Gr 2-4–Dog and girl detective duo King and Kayla are playing in the snow with friend Mason building a snow fort when they are joined by Asia, who shows the group her newly acquired gold ring, a family heirloom she prizes. After a snowball fight, the group goes inside to warm up and drink cocoa, and Mom tosses their wet things in the dryer. When Asia realizes her precious ring is missing, the friends search everywhere. Did King eat the ring? Did it go down the drain? Is it outside buried in the snow? The trio list facts, then make an action plan, even going so far as to have Mom take apart the sink. Meanwhile, King interrogates the noisy crow outside, convinced that he is the culprit. In a fun twist, the narrative is told from the dog’s perspective. King can understand the humans, although they cannot comprehend him, and he can also speak with the crow. King’s ­inner monologues are hilarious and heartfelt as he tries to communicate his important detective observations with the humans in his life. Meyers depicts King in generously allotted colored sketches with articulated facial expressions. Highly entertaining, this funny and warm story contains life lessons for young readers about friendship, responsibility, and problem-solving. VERDICT This early chapter book, with five distinct sections, will serve as a terrific transition reader for those just beginning to delve into chapter book level reading. ­Recommended for juvenile ­fiction collections.–Lauren Younger, Univ. of ­Dallas Lib.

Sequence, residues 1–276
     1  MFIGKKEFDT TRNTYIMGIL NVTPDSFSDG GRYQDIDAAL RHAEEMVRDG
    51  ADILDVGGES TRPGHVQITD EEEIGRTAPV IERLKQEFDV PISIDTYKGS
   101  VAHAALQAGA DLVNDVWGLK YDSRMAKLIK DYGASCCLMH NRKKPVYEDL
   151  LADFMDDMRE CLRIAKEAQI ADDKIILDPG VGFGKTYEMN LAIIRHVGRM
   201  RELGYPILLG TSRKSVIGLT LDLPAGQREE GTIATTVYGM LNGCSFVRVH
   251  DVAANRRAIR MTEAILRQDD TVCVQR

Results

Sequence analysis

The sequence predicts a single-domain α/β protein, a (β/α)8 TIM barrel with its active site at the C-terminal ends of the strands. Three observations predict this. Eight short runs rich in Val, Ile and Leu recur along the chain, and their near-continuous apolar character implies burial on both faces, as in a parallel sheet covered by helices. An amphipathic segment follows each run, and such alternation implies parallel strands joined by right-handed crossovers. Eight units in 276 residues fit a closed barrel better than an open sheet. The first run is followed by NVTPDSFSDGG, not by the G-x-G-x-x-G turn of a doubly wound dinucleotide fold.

Horn Book

In “The Problem of Thor Bridge,” Sherlock Holmes states this maxim of detecting: “We must look for consistency.” With her seventh series entry about amateur investigators King (a dog) and Kayla (his human), Butler continues to follow Holmes’s advice in the development of both plot and structure. This time, the two intrepid companions search for a missing ring, making a hypothesis and then either confirming or rejecting it through careful study of the facts. King narrates their adventure in his now-established animated voice that enthusiastically repeats familiar phrases: “I LOVE [insert King’s place of the moment or what he’s doing or eating]. It’s my favorite thing!” Along with such familiar refrains, this book contains short chapters, natural language, and numerous digitally colored illustrations that mirror the text, giving newly independent readers a boost when navigating all those pages. As Kayla and her friends search all the places where they think the ring may have been dropped, King operates under his own theory. Although they don’t have to, readers can test their individual problem-solving skills and crack this mystery before its heroes do. BETTY CARTER